Prof. Luisa Torri was curious about coriander. It is a type of green parsley known as cilantro in the U.S., and perceived by many as lemony and aromatic. But a minority percentage of the population finds it soapy and repellent, and she is one of those.

She wondered if the coriander conundrum could be a basis for explaining why people develop certain affinities for, or aversions to, other kinds of foods. As Associate Professor of Food Sensory Science and Research Director of the Sensory Laboratory of the University of Gastronomic Sciences, she decided to focus on this dichotomy among cheeses. She began to test students about their perceptions of taste in 2009, looking for descriptors of specific comestibles.

“Three factors determine our tastes in food,” she explains. “The physiological factor, the psychological factor and the genetic factor. The latter, based on our individual DNA, is a powerful determinant.” She has documented genetic variations in people and found that some are especially sensitive to certain smells.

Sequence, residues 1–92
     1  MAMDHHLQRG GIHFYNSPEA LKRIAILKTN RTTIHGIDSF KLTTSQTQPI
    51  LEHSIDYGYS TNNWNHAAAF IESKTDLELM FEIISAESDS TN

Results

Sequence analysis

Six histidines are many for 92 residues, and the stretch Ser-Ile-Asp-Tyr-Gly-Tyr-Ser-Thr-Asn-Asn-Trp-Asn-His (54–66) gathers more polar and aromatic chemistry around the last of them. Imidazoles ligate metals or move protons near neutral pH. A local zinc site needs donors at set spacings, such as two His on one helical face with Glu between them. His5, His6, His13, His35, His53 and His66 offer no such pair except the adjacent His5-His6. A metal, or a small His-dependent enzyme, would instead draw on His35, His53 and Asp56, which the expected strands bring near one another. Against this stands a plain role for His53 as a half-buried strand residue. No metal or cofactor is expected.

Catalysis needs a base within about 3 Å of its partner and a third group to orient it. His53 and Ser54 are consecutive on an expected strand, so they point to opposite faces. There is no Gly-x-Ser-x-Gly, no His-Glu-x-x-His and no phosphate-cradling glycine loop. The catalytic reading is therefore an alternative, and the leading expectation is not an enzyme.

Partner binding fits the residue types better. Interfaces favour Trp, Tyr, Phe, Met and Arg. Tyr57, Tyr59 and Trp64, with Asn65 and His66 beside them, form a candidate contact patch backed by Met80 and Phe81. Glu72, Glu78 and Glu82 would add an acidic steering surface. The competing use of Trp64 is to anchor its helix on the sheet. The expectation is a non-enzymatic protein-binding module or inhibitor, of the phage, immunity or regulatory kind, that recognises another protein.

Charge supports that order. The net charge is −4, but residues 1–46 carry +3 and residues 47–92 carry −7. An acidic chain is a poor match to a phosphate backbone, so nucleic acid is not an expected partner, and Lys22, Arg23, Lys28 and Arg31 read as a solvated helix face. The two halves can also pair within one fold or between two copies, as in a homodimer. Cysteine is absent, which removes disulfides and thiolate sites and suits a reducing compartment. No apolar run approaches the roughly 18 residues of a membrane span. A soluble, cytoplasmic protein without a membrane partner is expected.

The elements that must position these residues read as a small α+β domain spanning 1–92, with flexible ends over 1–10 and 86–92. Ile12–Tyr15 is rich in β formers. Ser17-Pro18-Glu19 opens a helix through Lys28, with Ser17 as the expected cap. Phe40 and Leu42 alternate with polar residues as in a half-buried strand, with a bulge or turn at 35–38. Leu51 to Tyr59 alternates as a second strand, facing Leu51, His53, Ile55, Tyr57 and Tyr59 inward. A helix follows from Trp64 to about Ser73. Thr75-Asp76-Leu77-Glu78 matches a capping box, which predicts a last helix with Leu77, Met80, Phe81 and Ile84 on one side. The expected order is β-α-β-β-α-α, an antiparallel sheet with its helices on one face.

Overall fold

“Blue cheeses are stronger than, say, Mozzarella, which someone may or may not like, but a Mozzarella doesn’t elicit the same strong positive or negative reaction as do the blues,” she notes.

So she developed a research project to determine what factors may predispose a person to like or dislike Gorgonzola. “I could have picked another blue cheese like Stilton or Roquefort, but we are Italian, so I used Gorgonzola.”

She sought volunteers among the attendees at Cheese 2019 for her research. She needed 300 participants for her sensory analysis test and wound up with 359. I was one of them. I signed with trepidation because I do not like Gorgonzola. To me. the cheese smells like bare feet on a hot day. The researchers were delighted to have me because most volunteers were Gorgonzola lovers, skewing the results.